## 3               #genomeFastaFiles         genomeFastaFiles    File
## 4 #sjdbGTFtagExonParentTranscript      Exons' parents name  string
## 5       #sjdbGTFtagExonParentGene                Gene name  string
## 6          #winAnchorMultimapNmax         Max loci anchors     int
## 7             #winAnchorDistNbins Max bins between anchors     int
app$input_matrix(c("id", "label", "type"), required = TRUE)
##                  id            label    type
## 2            #fastq            fastq File...
## 3 #genomeFastaFiles genomeFastaFiles    File

Note input_matrix and output_matrix are useful accessor for Tool, Flow, App object as shown below in App example, you can directly call these two function on a JSON file as well. = system.file("extdata/app", "tool_unpack_fastq.json", package = "sevenbridges") = system.file("extdata/app", "flow_star.json", package = "sevenbridges")
input_matrix(, required = TRUE)
input_matrix(, c("id", "type"))
input_matrix(, required = TRUE)

In the response body, locate the names of the required inputs. Note that task inputs need to match the expected data type and name. In the above example, we see two required fields:

  • fastq: This input takes a file array as indicated by “File…”
  • genomeFastaFiles: This is a single file as indicated by “File”.

We also want to provide a gene feature file:

  • sjdbGTFfile: A single file as indicated by “File”.

You can find a list of possible input types below:

  • number, character or integer: you can directly pass these to the input parameter as it is.
  • enum type: Pass this value to the input parameter.
  • **file:** This input is a file. However, while some inputs accept only single file (File), other inputs takes more than one file (File arrays, FilesList, or ‘File...’ ). This input require you to pass a Files object (for a single file input) or FilesList object (for inputs which accept more than one file) or simply a list in a “Files” object. You can search for your file by id or by name with an exact match (exact = TRUE), as shown in the example below.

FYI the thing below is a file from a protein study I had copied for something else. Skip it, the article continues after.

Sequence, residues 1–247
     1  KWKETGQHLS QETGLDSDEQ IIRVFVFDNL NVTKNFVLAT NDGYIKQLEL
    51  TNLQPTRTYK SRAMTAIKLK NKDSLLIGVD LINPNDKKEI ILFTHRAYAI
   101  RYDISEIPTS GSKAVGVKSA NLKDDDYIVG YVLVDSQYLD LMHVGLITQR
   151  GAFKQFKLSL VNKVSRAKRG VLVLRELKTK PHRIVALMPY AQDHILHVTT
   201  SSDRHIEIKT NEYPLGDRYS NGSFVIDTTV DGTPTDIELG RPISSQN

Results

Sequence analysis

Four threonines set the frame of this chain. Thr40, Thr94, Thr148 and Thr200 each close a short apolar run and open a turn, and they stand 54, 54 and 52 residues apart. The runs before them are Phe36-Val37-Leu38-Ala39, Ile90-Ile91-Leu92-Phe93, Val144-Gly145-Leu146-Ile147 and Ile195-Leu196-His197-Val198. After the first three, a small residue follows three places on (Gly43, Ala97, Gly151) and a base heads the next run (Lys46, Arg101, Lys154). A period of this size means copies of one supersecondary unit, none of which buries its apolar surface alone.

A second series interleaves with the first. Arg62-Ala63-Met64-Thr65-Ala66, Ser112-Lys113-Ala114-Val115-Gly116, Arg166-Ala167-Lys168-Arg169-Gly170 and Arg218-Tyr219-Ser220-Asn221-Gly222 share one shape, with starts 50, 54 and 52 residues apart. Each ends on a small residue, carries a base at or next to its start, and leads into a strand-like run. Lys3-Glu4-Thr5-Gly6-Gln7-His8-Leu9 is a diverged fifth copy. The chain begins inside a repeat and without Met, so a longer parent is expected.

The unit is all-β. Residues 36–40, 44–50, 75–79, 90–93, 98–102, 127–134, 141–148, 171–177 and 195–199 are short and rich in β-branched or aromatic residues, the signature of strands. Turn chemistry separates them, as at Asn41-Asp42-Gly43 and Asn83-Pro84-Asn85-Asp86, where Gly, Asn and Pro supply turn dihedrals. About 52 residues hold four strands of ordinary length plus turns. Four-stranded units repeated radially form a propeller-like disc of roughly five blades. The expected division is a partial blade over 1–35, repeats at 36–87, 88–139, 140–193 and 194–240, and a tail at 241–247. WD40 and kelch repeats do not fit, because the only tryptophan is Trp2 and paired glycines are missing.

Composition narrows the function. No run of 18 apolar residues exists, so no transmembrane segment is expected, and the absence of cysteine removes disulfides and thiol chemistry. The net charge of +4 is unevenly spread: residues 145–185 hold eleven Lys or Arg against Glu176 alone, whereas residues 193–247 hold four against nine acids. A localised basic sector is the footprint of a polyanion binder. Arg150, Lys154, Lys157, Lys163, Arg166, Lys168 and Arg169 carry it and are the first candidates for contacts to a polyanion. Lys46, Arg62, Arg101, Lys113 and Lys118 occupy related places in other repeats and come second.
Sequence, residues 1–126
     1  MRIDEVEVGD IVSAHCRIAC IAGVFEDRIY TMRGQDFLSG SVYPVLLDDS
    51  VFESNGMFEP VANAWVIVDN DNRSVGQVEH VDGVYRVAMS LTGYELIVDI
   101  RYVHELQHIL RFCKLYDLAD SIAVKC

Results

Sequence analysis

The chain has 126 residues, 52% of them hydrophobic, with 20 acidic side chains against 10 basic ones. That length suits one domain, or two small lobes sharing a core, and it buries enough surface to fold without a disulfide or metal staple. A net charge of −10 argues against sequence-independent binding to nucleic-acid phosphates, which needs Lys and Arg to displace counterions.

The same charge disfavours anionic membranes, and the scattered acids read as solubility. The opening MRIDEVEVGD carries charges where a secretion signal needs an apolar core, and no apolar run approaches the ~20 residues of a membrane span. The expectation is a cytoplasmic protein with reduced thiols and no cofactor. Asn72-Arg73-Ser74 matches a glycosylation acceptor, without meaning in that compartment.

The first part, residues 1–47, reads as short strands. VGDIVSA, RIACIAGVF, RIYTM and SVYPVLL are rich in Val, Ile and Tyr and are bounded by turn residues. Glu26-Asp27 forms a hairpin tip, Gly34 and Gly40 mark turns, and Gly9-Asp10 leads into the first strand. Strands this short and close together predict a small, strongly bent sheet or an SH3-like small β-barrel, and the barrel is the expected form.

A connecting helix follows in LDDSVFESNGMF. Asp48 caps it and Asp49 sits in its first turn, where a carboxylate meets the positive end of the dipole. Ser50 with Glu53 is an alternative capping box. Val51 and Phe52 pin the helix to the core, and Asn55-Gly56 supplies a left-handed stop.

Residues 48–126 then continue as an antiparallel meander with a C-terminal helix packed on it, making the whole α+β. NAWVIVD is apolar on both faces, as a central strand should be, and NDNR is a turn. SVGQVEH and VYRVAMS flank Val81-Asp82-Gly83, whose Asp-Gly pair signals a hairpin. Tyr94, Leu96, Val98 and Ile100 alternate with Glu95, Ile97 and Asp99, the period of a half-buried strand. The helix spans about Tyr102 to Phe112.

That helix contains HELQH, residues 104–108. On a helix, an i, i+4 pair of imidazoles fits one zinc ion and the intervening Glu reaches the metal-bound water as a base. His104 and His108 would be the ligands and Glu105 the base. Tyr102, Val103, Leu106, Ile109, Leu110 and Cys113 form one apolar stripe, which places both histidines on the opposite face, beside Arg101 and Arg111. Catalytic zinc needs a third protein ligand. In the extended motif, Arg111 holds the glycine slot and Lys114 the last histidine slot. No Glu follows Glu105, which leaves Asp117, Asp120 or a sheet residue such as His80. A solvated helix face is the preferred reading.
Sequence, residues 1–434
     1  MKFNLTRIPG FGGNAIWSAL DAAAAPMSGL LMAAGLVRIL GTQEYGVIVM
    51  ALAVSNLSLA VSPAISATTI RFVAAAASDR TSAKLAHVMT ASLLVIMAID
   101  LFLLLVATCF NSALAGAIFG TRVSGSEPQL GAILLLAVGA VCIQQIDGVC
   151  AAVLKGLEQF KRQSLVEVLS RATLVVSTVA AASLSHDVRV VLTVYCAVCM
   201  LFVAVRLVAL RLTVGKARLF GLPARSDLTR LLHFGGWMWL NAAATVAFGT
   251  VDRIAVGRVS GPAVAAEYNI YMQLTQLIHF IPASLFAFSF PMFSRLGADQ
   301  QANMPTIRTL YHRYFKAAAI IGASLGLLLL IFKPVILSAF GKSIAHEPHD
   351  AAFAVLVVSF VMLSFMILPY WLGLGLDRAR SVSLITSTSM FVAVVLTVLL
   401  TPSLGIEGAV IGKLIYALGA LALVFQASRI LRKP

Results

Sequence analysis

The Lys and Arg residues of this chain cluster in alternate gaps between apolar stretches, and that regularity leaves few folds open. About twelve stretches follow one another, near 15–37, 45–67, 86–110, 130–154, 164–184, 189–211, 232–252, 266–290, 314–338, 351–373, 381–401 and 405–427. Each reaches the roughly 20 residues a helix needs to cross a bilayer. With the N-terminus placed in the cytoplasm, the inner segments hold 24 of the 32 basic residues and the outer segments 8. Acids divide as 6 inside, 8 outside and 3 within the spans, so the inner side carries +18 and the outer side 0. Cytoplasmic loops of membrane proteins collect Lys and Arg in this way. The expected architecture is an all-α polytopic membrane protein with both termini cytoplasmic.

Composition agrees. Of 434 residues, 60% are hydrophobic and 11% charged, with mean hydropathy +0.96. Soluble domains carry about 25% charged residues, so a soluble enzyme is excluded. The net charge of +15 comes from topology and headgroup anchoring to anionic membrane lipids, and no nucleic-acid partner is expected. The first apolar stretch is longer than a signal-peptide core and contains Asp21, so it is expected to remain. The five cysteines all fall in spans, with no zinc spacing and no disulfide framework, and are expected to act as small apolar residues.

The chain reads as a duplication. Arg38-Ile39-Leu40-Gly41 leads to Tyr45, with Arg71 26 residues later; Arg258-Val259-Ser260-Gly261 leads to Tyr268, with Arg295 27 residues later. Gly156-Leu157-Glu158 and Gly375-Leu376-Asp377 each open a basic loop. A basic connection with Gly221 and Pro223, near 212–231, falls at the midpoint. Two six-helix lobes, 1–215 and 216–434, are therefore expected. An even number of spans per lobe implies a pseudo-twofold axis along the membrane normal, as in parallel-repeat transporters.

2.9.2 Get your input files ready

fastqs <- c("SRR1039508_1.fastq", "SRR1039508_2.fastq")

# get all 2 exact files
fastq_in <- p$file(name= fastqs, exact = TRUE)

# get a single file
fasta_in <- p$file(name = "Homo_sapiens.GRCh38.dna.primary_assembly.fa",
                   exact = TRUE)
# get all single file
gtf_in <- p$file(name = "Homo_sapiens.GRCh38.84.gtf",
                 exact = TRUE)

2.9.3 Create a new draft task

# add new tasks
taskName <- paste0("tengfei_star-alignment ",date())

tsk <- p$task_add(name = taskName,
                  description = "star test",
                  app = "tengfei/api-testing-2/newcopyofstar/0",
                  inputs = list(sjdbGTFfile = gtf_in,
                                fastq = fastq_in,
                                genomeFastaFiles = fasta_in))

Remember the fastq input expects a list of files. You can also do something as follows:

f1 <- p$file(name = "SRR1039508_1.fastq", exact = TRUE)
f2 <- p$file(name = "SRR1039508_2.fastq", exact = TRUE)
# get all 2 exact files
fastq_in <- list(f1, f2)

# or if you know you only have 2 files whose names match SRR924146*.fastq
fastq_in <- p$file(name = "SRR1039508*.fastq", complete = TRUE)

Using complete = TRUE when items is over 100.

2.9.4 Draft a batch task

Now let’s do a batch with 8 files in 4 groups, which is batched by metadata sample_id and library_id. We will assume each file has these two metadata fields entered. Since these files can be evenly grouped into 4, we will have a single parent batch task with 4 child tasks.

fastqs <- c("SRR1039508_1.fastq", "SRR1039508_2.fastq", "SRR1039509_1.fastq",